Oil fracking, a process using high-pressure injections of a mixture of chemicals, sand, and water to break into formations underground – hydraulic fracturing, ushered in an energy boom for Colorado in recent years. But not everyone is in favor of the process. Those living where it happens or might happen have concerns about health, property values, and the environment.
The City of Longmont issued a ban on fracking approved by voters in 2012. Fort Collins put a hold on any fracking for five years while they do a study about those concerns, approved by voters in 2013. But the oil and gas industry is fighting back, taking it to the state Supreme Court, requesting a ruling on the matter since state law says the local governments cannot override state law in such matters and state law allows oil and gas exploration. The two cases were both before the Supreme Court early in December and arguments were presented.
A ruling is not expected for several months, but even when one comes it probably won’t put an end to the battle. Critics of the fracking process have asked voters throughout the state and their legislators to put more limits on the entire industry, and they are lobbying hard – as are the oil and gas industry.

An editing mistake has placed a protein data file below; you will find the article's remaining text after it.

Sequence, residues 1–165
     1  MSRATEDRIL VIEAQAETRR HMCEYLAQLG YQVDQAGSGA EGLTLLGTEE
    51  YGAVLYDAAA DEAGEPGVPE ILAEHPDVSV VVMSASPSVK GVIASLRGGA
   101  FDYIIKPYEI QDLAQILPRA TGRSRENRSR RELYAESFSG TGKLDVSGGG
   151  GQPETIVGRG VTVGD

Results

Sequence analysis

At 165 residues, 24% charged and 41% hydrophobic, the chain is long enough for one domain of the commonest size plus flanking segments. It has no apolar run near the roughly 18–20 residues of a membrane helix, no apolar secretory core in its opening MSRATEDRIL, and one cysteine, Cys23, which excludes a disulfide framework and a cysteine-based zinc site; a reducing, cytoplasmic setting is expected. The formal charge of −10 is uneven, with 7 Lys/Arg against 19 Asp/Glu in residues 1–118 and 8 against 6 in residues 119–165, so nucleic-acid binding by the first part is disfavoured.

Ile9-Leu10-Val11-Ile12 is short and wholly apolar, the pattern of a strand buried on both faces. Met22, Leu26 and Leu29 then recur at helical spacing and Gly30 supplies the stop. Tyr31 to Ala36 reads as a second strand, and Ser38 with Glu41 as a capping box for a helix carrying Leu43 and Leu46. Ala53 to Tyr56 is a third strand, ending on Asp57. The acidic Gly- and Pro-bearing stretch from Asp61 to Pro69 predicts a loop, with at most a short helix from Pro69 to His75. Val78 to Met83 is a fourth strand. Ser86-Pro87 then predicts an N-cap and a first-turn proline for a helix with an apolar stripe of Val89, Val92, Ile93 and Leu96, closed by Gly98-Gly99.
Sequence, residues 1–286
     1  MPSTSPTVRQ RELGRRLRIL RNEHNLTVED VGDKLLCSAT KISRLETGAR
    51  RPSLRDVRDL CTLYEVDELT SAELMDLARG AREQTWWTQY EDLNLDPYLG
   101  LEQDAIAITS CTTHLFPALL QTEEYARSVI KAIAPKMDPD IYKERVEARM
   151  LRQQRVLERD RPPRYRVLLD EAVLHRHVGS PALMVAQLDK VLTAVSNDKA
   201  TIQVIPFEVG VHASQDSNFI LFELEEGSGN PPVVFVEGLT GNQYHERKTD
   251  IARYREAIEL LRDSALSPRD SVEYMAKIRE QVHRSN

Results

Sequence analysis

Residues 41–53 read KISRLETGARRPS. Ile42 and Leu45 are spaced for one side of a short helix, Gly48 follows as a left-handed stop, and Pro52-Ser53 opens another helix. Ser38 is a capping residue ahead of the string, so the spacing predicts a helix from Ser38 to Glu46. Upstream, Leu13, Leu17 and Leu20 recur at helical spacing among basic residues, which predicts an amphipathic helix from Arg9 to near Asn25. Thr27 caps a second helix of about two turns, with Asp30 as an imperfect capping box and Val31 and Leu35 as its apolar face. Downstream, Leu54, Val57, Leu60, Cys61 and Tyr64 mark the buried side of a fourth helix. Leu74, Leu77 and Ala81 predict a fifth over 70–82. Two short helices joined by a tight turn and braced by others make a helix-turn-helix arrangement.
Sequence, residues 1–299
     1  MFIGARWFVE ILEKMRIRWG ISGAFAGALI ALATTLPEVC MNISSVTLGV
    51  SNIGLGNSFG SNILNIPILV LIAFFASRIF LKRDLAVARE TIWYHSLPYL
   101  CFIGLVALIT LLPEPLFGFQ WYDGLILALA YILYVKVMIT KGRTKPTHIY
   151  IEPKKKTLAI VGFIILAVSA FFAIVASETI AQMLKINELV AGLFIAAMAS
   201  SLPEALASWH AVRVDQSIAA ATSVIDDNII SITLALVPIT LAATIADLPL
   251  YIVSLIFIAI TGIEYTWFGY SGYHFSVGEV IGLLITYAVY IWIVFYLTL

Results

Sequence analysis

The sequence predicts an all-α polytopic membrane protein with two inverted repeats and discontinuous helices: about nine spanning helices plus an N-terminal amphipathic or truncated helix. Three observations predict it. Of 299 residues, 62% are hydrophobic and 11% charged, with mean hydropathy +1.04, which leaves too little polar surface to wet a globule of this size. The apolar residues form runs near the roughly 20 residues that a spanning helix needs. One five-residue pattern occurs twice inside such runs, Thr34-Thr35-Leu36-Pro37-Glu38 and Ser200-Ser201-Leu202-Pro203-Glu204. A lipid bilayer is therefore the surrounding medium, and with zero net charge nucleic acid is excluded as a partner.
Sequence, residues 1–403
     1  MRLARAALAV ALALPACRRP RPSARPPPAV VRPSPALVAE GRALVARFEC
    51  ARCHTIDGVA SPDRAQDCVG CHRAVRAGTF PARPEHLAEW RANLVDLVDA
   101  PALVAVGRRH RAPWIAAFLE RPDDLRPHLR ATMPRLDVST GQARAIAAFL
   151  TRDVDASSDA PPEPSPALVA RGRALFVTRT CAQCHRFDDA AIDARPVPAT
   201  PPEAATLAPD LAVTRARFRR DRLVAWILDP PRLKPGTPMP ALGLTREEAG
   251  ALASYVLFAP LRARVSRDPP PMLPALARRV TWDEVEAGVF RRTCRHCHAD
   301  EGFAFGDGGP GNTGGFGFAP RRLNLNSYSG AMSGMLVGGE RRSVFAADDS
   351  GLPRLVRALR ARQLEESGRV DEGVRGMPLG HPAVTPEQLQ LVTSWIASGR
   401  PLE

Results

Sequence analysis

It’s hard to say where this battle may end, but when the court gets involved in such a heated matter, there are often no winners at the end. Colorado is rapidly growing, partly because of their open spaces and partly because of a lower cost of living than in many places. Their cities offer culture, sports, and the room to grow while their history is more independent and free-wheeling in many ways. The long-time residents have a certain reputation for fighting against what they consider heavy-handed government, so this battle probably won’t end quickly.
For lobbyists and PR people, there is plenty to help with in the coming battle. Showing the best that oil and gas companies bring to the table will be paramount and showing them as family-friendly and job-creating options might be a few areas they can use to push their case forward. On the other side of the table, those against fracking and the oil and gas industry, in general, have some complaints to bring to the table with concerns about excessive lights, fumes from the drilling rigs, and noise around-the-clock. The combination of those, they say make their homes barely livable at best while the oilfields encroach and impinge on their growing cities and towns.
In a state that often supports green, environmental and self-expression, the battle is likely just beginning. Either way, the fight is on.
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